Cultural change generally comes from the top down, so CIOs and CISOs need to take the lead in opening up communication and collaboration.
CISOs can slot into the business hierarchy in multiple ways. A study by PwC found the majority (40%) of CISOs now report to the CEO. Other common options are for the CISO to report directly to the board or the CIO.
Having both the CIO and CISO report to the CEO is thought to help reduce friction since it puts the departments on equal footing.
On the other hand, in some situations it makes more sense for the CISO to report to the CIO. Let’s say we have a CIO that has made a name for themselves as a strategic business leader, and understands that risk management, especially cybersecurity, is critical to success.
Alternatively, if the business is an industry with substantial regulatory obligations, such as a retailer working under PCI DSS or a financial firm looking to comply with CBEST, reporting directly to the General Counsel’s office makes sense.
There is no one-size-fits-all model, and every firm should explore the structure that aligns with their security objectives and imperatives.
Divisions often arise because security is often perceived as the final step. IT may feel they’ve worked hard to produce some fantastic new software, only for the ‘Department of No’ to spring into action with their red pen to cause delays and headaches.
Or perhaps the security team feels they have been forced to scramble around and find a solution that will keep a critical new piece of architecture from causing catastrophic security issues. No one told them about it until a few days before the launch date.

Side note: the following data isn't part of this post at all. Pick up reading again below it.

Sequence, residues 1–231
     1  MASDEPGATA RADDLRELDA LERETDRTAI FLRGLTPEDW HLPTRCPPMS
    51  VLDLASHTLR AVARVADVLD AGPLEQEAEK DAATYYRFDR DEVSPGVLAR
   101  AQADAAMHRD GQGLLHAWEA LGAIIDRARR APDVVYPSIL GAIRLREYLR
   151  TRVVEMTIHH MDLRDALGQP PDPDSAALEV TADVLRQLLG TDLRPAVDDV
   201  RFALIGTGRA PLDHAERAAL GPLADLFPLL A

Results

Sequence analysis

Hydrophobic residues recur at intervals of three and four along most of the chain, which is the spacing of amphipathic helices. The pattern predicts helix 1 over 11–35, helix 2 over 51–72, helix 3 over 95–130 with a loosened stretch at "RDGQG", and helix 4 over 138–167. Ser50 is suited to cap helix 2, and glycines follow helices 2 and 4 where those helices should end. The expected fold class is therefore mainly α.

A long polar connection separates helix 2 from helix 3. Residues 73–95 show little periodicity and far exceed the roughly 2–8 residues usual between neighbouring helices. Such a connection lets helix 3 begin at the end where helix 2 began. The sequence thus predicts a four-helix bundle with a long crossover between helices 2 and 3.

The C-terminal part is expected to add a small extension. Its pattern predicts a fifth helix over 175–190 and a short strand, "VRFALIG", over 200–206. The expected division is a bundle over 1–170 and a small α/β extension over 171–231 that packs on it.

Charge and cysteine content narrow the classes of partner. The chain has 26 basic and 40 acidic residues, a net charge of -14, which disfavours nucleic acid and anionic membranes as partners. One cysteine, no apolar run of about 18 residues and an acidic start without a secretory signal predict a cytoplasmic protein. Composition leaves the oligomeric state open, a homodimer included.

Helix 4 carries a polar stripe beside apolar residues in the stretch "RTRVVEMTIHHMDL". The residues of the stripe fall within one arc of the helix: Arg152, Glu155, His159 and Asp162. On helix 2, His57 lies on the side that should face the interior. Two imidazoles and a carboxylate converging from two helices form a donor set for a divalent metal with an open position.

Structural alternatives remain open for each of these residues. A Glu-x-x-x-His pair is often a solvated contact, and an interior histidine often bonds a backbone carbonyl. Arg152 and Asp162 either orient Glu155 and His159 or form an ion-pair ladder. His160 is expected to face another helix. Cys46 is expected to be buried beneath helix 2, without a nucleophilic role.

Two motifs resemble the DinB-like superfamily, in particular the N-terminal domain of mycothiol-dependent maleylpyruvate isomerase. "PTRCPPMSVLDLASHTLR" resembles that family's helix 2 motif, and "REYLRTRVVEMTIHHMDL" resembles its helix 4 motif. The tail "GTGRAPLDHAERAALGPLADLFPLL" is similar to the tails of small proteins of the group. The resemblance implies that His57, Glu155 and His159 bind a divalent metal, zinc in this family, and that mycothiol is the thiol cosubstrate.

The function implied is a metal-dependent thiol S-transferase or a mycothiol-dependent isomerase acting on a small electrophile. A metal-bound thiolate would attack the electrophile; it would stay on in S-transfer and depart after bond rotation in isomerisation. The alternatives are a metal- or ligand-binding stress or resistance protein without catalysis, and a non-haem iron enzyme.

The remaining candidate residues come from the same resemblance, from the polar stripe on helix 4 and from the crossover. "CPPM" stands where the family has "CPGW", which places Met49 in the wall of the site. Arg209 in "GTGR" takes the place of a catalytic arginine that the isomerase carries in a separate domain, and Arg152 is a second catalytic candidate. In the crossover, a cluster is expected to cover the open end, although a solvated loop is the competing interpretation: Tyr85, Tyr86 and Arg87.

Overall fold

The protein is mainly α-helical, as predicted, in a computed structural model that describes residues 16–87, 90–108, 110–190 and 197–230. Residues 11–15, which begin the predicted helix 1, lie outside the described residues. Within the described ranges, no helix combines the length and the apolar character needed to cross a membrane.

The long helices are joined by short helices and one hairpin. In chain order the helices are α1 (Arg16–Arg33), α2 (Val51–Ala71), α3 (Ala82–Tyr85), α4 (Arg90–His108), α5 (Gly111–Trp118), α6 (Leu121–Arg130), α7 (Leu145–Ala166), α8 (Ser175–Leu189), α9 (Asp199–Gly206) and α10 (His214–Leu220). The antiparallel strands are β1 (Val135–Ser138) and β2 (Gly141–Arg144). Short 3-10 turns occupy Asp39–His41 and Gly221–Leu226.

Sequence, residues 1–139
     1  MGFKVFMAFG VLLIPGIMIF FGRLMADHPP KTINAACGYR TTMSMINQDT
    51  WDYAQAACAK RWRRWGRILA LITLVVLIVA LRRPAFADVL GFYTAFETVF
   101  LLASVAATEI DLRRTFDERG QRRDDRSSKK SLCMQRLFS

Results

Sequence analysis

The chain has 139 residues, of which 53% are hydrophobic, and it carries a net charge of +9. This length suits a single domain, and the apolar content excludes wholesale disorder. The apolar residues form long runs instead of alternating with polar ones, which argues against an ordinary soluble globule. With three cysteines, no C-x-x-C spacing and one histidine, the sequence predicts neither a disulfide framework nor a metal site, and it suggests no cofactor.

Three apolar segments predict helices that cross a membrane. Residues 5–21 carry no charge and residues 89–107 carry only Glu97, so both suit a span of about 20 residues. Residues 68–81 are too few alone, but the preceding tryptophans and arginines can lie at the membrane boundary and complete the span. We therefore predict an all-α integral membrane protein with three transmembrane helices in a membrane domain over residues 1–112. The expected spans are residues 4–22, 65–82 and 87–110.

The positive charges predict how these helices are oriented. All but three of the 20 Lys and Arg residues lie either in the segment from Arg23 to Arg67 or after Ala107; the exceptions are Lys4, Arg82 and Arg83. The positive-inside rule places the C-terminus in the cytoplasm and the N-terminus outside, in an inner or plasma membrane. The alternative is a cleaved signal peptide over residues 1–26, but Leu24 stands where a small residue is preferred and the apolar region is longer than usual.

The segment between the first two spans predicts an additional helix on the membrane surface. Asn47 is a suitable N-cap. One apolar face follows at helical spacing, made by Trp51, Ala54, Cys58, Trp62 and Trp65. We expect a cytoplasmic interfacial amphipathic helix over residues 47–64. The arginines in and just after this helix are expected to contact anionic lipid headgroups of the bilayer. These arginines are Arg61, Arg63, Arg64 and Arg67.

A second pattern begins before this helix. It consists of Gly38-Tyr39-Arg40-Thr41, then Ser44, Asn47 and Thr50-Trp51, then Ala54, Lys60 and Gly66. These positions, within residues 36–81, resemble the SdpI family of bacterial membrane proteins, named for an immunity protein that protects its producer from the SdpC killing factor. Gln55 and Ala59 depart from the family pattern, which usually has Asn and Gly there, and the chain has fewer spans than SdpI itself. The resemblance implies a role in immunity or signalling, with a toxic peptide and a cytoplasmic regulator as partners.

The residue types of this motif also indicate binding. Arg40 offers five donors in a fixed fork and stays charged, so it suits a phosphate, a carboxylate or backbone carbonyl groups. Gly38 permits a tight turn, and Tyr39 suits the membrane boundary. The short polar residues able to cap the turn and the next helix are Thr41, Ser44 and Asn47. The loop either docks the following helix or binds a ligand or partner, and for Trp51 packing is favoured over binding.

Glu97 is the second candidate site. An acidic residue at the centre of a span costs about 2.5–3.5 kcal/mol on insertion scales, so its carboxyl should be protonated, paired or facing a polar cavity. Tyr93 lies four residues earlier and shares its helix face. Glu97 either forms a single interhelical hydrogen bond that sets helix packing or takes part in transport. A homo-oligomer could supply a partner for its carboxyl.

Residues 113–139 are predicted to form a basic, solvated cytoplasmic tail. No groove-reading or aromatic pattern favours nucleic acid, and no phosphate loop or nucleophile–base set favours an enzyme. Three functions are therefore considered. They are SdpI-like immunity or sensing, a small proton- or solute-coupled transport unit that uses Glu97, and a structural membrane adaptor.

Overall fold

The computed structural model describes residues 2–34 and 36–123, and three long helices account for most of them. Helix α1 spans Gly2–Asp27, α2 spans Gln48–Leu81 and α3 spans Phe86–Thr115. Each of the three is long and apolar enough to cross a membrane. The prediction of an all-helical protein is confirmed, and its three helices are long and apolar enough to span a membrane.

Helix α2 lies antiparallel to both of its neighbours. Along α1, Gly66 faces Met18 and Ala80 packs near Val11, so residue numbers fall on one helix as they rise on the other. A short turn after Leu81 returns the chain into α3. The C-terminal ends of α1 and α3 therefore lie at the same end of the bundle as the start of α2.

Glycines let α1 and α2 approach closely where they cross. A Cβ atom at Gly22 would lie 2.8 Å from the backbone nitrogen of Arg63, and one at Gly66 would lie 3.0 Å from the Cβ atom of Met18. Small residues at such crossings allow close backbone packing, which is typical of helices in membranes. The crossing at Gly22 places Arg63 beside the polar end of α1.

Both teams feel wronged by scenarios like this, and these late-stage conflicts will only harm the company they’re both working to improve.
Instead, IT and security need to work closely together from the beginning, from application ideation to architecture design, right through to the final review stages.
This means all the due diligence around vulnerabilities and risk exposure will be completed initially and security will be baked into the resulting product or project. This is exemplified in the DevSecOps approach with security being interwoven throughout the development lifecycle rather than being a final hurdle.
Security demands have changed drastically, and the CISO role must evolve to match.
In today’s more complex digital world, security has moved away from pure technology to merge with organizational risk management. Cyber-risk intersects with every element of the organization, so it must be treated as a strategic business function rather than a niche technical concern.
As such, CISOs must be able to function as central leaders in combating risk across the business. This means having a seat at the table and being free to work alongside their CIO counterparts, not against them.
With CIOs and CISOs working at the same level, from the same page, IT and security can finally bury the hatchet and work together as they help their organization on its Digital Transformation journey.Click below to share this article